In answer to the first factual issue, the court finds that the time restriction of one year is reasonable. Torrington Creamery, Inc. v. Davenport, 126 Conn. 515 (two years); May v. Young, 125 Conn. 1 (two years); Milaneseo v. Calvanese, 92 Conn. 641 (three years); Welles v. O'Connell, 23 Conn. Sup. 335 (two years); Nesko Corporation v. Fontaine, 19 Conn. Sup. 160 (two years).

The contract in question states that the defendant will not "engage directly or indirectly for himself or as agent of or on behalf of any firm, association or corporation in any business venture having to do with the sale or rental of mobile homes or mobile offices in a fifty (50) mile radius from any existing Timenterial, Inc. sales lot." (Italics supplied.)

The word "any" is derived from the Anglo-Saxon "aenig" ("an," one, with suffix "ig"), signifying a one. It is defined as follows: "One indifferently out of a number . . . . Indicating a person, thing, etc., as one selected without restriction or limitation of choice, with the implication that every one is open to selection without exception; one, no matter what one . . . ." Webster, New International Dictionary (2d Ed.). The term "any" is synonymous with "either" and is given the full force of "every" or "all." Iowa-Illinois Gas Electric Co. v. City of Bettendorf, 241 Iowa 358, 363; Roedler v. Vandalia Bus Lines, 281 Ill. App. 520, 523.

The word "existing" means to "have actual or real being . . . . To have being in any specified . . . place . . . ." Webster, New International Dictionary (2d Ed.). "Existing" has an ordinary meaning of the fact, or state, of being. Central National Bank v. Continental Casualty Co., 182 F.2d 407, 409.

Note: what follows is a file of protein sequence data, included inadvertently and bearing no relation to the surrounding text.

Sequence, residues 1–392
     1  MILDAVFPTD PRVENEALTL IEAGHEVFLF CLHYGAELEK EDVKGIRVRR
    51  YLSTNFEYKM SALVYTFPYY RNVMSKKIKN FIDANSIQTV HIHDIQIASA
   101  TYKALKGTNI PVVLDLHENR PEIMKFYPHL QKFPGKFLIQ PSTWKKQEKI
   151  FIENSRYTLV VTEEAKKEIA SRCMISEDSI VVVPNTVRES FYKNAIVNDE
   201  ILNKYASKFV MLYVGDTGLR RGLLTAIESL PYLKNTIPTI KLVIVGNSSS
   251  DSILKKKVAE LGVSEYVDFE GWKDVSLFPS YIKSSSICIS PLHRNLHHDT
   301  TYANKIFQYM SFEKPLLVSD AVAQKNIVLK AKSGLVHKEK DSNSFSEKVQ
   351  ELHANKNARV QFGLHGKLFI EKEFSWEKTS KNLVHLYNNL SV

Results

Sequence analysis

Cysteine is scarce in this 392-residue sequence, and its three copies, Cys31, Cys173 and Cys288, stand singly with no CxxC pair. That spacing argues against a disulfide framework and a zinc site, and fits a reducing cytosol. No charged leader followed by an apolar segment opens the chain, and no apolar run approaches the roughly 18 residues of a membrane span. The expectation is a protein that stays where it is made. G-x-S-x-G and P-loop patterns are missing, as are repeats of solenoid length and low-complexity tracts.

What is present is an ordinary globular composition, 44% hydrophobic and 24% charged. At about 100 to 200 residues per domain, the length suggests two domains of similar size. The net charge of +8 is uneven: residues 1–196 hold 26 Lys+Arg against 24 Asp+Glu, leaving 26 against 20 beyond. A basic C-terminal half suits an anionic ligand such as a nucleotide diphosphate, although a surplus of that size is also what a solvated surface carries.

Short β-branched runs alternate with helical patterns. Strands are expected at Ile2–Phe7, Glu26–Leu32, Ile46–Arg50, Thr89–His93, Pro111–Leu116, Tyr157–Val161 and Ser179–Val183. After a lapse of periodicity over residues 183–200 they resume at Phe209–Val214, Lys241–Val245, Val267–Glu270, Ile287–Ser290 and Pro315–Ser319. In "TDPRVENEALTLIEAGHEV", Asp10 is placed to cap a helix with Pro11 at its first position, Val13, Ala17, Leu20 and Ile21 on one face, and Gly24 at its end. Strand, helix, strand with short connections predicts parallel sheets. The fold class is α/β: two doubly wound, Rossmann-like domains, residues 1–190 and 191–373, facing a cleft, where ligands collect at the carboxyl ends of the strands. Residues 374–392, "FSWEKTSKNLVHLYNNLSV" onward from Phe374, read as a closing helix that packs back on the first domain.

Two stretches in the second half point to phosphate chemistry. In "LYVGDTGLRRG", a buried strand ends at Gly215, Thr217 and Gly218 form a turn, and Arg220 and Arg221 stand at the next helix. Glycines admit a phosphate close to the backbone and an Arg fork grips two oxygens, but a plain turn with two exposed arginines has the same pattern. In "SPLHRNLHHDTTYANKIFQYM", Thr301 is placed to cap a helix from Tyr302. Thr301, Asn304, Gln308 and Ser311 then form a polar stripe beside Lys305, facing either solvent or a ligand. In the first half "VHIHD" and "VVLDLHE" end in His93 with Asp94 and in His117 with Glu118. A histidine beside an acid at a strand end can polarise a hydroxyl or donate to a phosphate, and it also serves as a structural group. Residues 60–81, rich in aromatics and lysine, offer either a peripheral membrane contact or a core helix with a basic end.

The main business of the plaintiff is the selling of mobile homes and the securing of parking spaces for mobile homes. In November, 1969, it had six sales lots in Connecticut, located in Plainville, New Milford, Groton, Prospect, Wallingford and Danbury. On February 4, 1971, the date of the hearing, it had seven sales lots in Connecticut, including the mentioned six and Norwich, together with four in Massachusetts (Chicopee, Palmer, Williamstown and Lee); two in Vermont (Bennington and White River Junction); and one in Manchester, New Hampshire.

The court finds that the word "any," as used in the employment contract, means one or all of the sales lots mentioned above. The court also finds that the word "existing," as used in the employment contract, means in actual being at a specified place at the time of the alleged breach of contract. If the plaintiff intended the word "existing" to apply to sales lots in being on November 22, 1969, the date of the contract, it should have enumerated them in the contract, since at that time they were definitely known. Also, a sales lot in existence on November 22, 1969, may not be in existence on or about June 1, 1970. Conversely, a sales lot in existence on or about June 1, 1970, may not be in existence on November 22, 1969, as in the case of the Norwich sales lot.

Applying the fifty-mile radius from Plainville would encompass the area to Stamford, Connecticut, and portions of the commonwealth of Massachusetts and the state of New York. Applying the fifty-mile radius from Norwich would include portions of the states of Connecticut and Rhode Island and the commonwealth of Massachusetts. Thus, the area covered "in a fifty (50) mile radius from any existing Timenterial, Inc. sales lot" would include portions of the states of Connecticut, New York, Rhode Island, Vermont and New Hampshire and the commonwealth of Massachusetts.

In view of all the evidence, the court finds that the restriction as to space and area is unreasonable and therefore invalid. It is too broad and extensive reasonably to secure the protection of the plaintiff's business. Assuming, arguendo, that the word "existing" as used in the contract, means in actual being at a specified place on November 22, 1969, the space and area encompassed by a fifty-mile radius from the six sales lots in existence on that date would still be unreasonable, and this court would find the restriction invalid.